ESG (Environmental, social and governance) refers to sustainable investment criteria used alongside traditional financial criteria in managing and selecting investments. ESG is a criterion, the word is also used as ESG factors, ESG metrics and ESG integration, which is one of the largest strategies within sustainable investments.
The use of ESG by institutional investors has been rising over the past 15 years as a result of increasing evidence that integrating ESG factors in the investment process can actually improve the risk/reward of investment portfolios.

Impact Investments – Investments made into companies, organizations and funds with the intention to generate social and environmental impact alongside a financial return (source: GIIN)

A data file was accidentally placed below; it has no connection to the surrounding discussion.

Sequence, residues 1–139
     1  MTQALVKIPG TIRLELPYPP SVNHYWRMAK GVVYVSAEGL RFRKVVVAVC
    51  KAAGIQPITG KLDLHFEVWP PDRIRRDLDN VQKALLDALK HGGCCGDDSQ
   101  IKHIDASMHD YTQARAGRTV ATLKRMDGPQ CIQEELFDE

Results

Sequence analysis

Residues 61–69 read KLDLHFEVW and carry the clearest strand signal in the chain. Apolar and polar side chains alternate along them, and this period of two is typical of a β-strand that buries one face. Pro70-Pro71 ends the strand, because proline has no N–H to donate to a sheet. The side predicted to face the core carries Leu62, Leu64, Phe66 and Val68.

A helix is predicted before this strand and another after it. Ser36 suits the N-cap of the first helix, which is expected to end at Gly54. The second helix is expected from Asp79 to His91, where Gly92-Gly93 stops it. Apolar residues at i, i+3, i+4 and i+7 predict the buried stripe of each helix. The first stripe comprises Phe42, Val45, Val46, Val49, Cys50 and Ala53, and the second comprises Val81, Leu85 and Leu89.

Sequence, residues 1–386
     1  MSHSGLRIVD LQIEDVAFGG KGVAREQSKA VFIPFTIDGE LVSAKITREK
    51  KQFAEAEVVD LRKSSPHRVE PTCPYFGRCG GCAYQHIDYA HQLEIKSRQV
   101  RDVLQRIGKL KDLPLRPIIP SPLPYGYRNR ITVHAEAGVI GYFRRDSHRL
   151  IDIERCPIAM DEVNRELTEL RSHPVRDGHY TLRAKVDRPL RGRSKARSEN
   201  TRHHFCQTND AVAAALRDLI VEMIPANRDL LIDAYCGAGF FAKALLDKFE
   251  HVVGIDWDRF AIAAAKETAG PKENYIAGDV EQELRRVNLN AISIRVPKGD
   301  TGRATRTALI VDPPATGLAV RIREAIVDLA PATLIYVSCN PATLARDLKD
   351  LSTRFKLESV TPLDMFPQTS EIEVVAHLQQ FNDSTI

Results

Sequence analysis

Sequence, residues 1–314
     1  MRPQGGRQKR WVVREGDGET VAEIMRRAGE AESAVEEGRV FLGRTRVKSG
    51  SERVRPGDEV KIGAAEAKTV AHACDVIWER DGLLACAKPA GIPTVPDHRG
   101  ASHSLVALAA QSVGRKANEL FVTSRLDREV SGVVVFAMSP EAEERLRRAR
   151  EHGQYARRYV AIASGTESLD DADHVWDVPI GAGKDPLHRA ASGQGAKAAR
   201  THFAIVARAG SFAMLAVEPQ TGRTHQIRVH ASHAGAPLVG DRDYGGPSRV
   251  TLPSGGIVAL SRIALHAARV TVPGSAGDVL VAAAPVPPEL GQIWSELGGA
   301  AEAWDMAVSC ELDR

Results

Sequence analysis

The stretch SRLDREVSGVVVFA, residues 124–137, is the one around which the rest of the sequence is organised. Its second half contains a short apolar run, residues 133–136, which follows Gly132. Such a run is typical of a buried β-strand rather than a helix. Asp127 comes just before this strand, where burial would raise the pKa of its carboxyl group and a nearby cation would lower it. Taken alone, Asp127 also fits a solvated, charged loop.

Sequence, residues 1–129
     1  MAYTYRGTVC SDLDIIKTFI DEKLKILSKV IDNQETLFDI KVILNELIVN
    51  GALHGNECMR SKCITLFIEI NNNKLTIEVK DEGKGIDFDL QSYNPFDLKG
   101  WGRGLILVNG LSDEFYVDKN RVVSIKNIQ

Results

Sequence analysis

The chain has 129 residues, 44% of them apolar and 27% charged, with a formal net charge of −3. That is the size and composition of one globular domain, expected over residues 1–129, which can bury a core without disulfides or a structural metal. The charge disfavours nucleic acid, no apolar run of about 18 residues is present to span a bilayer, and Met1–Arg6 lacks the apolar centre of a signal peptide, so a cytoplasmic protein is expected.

Impact investment is an approach to investments and is a fast growing but the smallest subset and strategy within sustainable investments. The differentiator of this approach is the intentionality to generate positive social and environmental impact and the commitment to measure it. In terms of market size there are two benchmarks: 1) GIIN’s $144bn based on their annual survey of assets aggregated by their respondents in 2017, and 2) GSIA 2016 Review which shows the assets of the category Impact and Community investments at $248bn.

Sustainable Development Goals (SDGs)